On Aug. 15, FCI Federal Founder and Chair Sharon Virts showed off the progressing renovations of the historic Selma House in Leesburg. She also showed off her plans for a less tangible, but equally important, type of building progress.
Several dozen community and civic leaders joined friends and family Monday to commemorate the launch of the Sharon D. Virts Foundation. The organization, a non-profit 501(c)(3), is taking an “E.C.H.O.” approach to area support by focusing on Education, Culture, History and Opportunity.
“I formed this foundation to do just that… make a difference in people’s lives by promoting opportunity for individual success without sacrificing our culture or our history,” Virts said as part of the proceedings.
Virts, a Loudoun County native, said the opportunities here that helped her see success with FCI helped inspired her to give back.
She was joined at the event by Virginia District 10 Congresswoman Barbara Comstock and Loudoun County Board of Supervisors Chair Phyllis Randall, both of whom talked about the excitement and opportunities that come with the foundation.
“Sharon has fully committed to preserving this legacy for future generations, and has understood how critical continued economic growth is to our region,” Comstock said.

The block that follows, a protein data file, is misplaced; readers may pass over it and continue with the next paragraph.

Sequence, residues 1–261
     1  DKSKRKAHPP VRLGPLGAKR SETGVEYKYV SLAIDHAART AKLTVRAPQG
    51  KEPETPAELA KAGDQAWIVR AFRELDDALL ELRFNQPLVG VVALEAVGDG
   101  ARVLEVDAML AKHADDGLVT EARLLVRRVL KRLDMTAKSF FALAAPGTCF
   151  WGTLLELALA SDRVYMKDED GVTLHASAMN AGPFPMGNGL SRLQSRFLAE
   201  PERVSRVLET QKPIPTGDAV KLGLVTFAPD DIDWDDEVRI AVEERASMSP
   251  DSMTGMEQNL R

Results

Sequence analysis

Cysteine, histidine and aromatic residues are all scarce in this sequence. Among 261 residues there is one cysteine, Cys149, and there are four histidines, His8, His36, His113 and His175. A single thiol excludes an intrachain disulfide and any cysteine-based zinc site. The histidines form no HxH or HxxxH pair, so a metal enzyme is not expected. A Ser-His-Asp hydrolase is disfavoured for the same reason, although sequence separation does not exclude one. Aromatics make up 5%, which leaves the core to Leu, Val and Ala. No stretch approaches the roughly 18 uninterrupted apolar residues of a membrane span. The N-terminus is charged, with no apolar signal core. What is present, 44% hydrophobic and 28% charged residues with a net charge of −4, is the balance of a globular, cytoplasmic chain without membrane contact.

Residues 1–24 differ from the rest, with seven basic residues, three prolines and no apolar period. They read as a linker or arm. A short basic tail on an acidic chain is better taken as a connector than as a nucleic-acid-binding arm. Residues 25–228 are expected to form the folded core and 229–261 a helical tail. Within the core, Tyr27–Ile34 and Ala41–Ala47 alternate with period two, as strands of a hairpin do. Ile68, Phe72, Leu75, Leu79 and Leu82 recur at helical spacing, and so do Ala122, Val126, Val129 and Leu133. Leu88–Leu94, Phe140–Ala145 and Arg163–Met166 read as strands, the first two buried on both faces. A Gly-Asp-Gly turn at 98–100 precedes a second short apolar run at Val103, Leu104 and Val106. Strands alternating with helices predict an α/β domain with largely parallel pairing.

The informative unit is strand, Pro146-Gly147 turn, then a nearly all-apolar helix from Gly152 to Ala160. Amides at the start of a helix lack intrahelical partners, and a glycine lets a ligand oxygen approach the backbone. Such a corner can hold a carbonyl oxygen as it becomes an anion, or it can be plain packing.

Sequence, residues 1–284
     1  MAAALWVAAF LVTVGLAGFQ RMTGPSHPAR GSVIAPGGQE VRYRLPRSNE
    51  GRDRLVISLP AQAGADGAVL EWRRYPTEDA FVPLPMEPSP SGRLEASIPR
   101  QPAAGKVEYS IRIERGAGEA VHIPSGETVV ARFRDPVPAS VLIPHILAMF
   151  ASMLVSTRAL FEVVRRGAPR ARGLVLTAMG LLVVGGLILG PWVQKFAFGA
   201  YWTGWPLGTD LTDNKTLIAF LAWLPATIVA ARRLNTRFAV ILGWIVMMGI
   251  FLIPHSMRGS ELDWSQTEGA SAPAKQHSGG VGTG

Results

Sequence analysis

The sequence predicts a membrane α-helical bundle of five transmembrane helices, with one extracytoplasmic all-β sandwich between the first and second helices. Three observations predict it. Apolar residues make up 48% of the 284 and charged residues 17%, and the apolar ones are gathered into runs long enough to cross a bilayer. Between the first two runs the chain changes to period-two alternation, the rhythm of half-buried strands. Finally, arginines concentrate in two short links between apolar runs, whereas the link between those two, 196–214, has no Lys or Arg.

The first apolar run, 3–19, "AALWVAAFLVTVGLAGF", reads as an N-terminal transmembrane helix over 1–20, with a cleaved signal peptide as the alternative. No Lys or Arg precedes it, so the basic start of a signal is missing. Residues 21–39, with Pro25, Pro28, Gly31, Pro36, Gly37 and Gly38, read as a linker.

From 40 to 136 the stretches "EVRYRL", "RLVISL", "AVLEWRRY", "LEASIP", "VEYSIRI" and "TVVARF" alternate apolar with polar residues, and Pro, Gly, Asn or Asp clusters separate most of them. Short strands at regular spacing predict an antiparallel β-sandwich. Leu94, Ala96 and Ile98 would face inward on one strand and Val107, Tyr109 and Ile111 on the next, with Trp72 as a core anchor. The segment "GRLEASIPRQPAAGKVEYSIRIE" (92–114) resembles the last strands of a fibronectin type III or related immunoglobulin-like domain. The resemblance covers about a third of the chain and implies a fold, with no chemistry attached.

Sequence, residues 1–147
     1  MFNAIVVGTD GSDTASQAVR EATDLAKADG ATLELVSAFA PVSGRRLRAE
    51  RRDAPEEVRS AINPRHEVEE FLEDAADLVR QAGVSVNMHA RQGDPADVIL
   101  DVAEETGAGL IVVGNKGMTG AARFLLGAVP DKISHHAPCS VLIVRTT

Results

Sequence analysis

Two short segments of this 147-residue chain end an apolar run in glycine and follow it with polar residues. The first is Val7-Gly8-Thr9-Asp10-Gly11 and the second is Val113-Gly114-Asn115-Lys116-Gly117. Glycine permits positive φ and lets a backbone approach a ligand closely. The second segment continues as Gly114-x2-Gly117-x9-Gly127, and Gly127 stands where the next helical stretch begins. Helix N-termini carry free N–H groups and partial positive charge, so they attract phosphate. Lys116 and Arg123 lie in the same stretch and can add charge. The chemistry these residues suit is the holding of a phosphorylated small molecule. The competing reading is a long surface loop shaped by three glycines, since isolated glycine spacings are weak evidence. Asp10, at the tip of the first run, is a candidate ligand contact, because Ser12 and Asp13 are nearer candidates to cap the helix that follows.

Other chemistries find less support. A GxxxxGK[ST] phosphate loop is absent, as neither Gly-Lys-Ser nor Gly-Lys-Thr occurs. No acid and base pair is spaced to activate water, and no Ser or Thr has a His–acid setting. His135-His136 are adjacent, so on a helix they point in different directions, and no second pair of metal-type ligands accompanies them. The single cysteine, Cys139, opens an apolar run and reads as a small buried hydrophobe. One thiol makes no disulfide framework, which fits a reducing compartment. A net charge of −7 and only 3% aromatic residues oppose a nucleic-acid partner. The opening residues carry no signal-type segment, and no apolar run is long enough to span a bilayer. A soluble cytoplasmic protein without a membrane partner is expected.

As part of the foundation’s commemoration it gave its first award: $10,000 to the Land Trust of Virginia Board to help the restoration efforts of the Selma House. Descendants of Founding Father George Mason lived at Selma, and it’s still considered one of the more well-known historical sites in Loudoun County. Virts and her husband, FCI company president Scott Miller, hope to move into the completed house by Christmas 2017.
“Preserving Selma and the surrounding acreage is a remarkable and wonderful achievement,” said Land Trust board member Jim Rich. “Not only do we see the progress being made to enhance an architectural gem, we see the preservation of an important piece of Loudoun, the Commonwealth and the nation.”